When we had been there for over an hour, talking about the yaji, work, and whether hot cake or cold cake was better, and he didn’t ask for my number, I took his phone from him. It was locked but that wasn’t a problem. All I had to do was think of unlocking it and then it happened. He was too shocked by my audacious move to notice this. I typed in and saved my number.
“You should call me,” I said as I handed it back to him.
He laughed and nodded. “I will.”


It’s been eight days and I haven’t heard anything. Not even a text if he was too shy to call.

When I woke up this morning, I decided it was time to rid my mind of him. But it’s as if the universe revels in us making these kinds of decisions, mocking our certainty that we have control. Of all the days to have an emergency meeting with his team, the universe did its thing, and there he was, with that smile that kept me entranced.

After the meeting, he walked up to me with an apologetic look on his face. “I’m so sorry I haven’t called. We’ve been swamped with work. I’ve barely had any time to breathe,” he chuckled, and I was close enough to feel his warm breath on the tip of my nose. It was just 11 am but it smelled of something spicy. I didn’t mind. I wanted to breathe it in deeply.
“It’s fine,” I said, trying to keep the disappointment I felt for the past week from jumping out in those words.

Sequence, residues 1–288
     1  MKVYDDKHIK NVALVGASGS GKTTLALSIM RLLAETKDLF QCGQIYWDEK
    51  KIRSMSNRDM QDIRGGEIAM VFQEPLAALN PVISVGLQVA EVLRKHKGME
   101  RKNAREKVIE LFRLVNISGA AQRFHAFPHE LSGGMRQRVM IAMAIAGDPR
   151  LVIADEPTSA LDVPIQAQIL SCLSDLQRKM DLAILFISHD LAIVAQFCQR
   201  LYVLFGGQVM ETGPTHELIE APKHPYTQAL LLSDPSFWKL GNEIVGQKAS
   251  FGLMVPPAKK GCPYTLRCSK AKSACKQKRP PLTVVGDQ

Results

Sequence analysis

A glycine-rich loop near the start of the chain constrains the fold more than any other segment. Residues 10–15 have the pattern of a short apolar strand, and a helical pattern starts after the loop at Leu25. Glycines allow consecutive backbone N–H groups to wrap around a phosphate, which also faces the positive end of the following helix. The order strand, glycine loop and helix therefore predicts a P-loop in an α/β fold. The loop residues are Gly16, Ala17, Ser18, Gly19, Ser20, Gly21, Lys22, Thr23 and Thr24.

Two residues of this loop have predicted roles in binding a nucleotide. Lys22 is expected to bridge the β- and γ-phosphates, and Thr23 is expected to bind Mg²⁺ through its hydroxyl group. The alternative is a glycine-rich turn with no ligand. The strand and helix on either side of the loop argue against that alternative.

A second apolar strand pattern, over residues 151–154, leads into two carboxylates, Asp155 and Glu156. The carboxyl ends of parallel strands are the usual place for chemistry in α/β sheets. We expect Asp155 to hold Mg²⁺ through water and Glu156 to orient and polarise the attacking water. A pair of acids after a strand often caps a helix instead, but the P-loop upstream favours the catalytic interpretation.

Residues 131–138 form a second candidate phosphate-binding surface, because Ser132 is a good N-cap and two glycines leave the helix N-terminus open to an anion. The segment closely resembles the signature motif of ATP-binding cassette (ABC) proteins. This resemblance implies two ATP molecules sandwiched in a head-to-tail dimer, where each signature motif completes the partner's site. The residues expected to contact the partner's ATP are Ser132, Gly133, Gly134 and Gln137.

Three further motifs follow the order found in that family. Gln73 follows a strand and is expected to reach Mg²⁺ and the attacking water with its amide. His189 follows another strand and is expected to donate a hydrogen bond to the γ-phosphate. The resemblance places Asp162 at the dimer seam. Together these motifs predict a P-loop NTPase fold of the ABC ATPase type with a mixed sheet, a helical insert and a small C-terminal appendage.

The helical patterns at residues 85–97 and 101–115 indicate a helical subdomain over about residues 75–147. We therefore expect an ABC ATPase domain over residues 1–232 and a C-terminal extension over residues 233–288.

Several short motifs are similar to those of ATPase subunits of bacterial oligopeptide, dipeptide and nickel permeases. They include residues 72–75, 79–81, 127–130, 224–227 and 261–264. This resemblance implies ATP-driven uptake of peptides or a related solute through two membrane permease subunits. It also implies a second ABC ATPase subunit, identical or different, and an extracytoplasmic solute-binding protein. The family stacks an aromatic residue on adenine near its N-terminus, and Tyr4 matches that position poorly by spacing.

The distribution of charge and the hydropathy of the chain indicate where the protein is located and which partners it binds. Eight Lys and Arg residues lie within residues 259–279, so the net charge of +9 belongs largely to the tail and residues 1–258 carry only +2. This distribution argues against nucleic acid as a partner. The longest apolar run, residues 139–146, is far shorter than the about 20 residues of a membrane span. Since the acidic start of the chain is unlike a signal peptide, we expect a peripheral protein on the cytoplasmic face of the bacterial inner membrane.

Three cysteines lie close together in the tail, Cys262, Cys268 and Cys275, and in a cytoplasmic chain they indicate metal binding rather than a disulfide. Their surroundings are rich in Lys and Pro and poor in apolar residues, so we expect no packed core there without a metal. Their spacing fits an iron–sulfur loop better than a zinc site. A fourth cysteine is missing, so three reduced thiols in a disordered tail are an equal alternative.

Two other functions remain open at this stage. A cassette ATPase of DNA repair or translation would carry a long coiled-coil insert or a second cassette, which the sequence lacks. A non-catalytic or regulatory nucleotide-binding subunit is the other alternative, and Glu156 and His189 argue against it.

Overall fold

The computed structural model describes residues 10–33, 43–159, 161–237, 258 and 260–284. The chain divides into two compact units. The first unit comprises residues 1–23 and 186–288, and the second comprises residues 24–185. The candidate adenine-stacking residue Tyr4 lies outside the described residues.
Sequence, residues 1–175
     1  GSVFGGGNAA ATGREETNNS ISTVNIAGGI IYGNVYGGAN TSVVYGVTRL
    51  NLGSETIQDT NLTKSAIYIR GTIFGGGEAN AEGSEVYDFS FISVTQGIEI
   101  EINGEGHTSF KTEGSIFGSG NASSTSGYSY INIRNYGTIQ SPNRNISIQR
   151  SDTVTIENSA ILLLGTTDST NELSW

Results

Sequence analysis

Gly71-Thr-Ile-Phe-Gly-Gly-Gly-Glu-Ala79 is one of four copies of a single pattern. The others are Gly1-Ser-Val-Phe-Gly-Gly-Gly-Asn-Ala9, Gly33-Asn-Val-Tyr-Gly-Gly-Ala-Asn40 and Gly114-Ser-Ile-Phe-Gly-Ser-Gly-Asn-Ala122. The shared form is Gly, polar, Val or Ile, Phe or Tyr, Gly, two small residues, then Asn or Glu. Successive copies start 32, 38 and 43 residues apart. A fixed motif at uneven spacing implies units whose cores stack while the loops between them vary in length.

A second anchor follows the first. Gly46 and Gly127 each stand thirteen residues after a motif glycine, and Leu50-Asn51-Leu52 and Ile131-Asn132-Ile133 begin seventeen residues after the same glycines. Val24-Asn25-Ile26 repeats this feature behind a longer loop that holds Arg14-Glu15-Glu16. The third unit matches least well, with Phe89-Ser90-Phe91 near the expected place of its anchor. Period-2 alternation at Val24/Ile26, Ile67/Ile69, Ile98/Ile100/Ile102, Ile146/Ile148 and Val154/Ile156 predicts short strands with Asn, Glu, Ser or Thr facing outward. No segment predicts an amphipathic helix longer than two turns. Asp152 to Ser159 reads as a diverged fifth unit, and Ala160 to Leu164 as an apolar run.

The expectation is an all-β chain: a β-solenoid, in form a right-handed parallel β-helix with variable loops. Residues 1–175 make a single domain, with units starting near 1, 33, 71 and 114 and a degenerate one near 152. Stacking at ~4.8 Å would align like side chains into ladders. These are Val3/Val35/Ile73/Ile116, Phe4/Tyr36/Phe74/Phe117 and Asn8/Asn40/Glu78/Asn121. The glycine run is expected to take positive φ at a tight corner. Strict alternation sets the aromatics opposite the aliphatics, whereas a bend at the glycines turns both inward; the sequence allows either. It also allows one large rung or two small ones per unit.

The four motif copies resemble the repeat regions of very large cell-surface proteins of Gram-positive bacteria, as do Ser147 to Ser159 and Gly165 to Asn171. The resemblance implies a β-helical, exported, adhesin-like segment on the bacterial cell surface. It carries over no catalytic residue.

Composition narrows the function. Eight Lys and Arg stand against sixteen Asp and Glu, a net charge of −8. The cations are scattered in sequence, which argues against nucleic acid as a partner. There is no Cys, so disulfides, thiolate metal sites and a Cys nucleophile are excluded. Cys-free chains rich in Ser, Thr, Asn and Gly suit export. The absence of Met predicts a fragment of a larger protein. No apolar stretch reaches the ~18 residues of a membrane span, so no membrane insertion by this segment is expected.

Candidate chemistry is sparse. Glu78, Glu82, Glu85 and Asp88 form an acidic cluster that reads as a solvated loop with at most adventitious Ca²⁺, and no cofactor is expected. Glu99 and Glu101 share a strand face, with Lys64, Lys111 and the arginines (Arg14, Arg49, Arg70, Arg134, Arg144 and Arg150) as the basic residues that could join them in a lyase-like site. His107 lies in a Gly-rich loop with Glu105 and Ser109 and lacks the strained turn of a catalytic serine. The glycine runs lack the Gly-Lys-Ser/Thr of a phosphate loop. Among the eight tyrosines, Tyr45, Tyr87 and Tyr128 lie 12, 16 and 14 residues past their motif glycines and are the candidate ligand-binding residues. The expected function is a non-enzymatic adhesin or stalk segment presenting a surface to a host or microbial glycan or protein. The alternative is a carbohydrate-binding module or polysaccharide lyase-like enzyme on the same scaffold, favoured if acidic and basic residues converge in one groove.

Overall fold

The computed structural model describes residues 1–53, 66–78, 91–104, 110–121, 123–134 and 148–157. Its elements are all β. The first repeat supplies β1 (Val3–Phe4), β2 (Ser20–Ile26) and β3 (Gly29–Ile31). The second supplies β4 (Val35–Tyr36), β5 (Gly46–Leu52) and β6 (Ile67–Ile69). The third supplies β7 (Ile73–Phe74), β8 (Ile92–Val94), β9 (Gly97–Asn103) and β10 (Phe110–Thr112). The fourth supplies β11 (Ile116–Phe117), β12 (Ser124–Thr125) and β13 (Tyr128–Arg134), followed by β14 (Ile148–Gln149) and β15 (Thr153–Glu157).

“No, it’s not. I said I’d call, and I didn’t.”
“Okay?” I didn’t know what to say.
“I got something for you.” He walked out of the conference room, confident I’d follow him like a little obedient duckling. I did. My curiosity ushered me out. He went to the break room and took out a small white box tied with a pink bow from the fridge. “The receptionist helped me put it in before the meeting started. Cold cake, the best kind.” He handed it to me with an expectant look on his face.
“I thought you disagreed?” I asked.
“I don’t remember ever opposing you.”
I giggled. Literally. As I reached out to collect the box, our fingers brushed, and it sparked something in me I haven’t felt in a while. Excitement? Joy? I don’t know, I felt giddy. “Thank you,” I said and held the box tightly as if it would run away. He smiled as he backed out of the room. He mouthed the word enjoy and winked. His wink was sleek, unlike mine which looked like I had some dust in my eyes.